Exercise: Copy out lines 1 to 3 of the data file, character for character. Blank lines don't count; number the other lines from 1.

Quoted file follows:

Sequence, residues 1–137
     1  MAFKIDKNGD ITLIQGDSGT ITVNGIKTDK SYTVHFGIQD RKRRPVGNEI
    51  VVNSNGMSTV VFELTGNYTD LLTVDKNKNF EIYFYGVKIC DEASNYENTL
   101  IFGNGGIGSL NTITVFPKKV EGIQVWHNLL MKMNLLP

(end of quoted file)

Sequence, residues 1–137
     1  MAFKIDKNGD ITLIQGDSGT ITVNGIKTDK SYTVHFGIQD RKRRPVGNEI
    51  VVNSNGMSTV VFELTGNYTD LLTVDKNKNF EIYFYGVKIC DEASNYENTL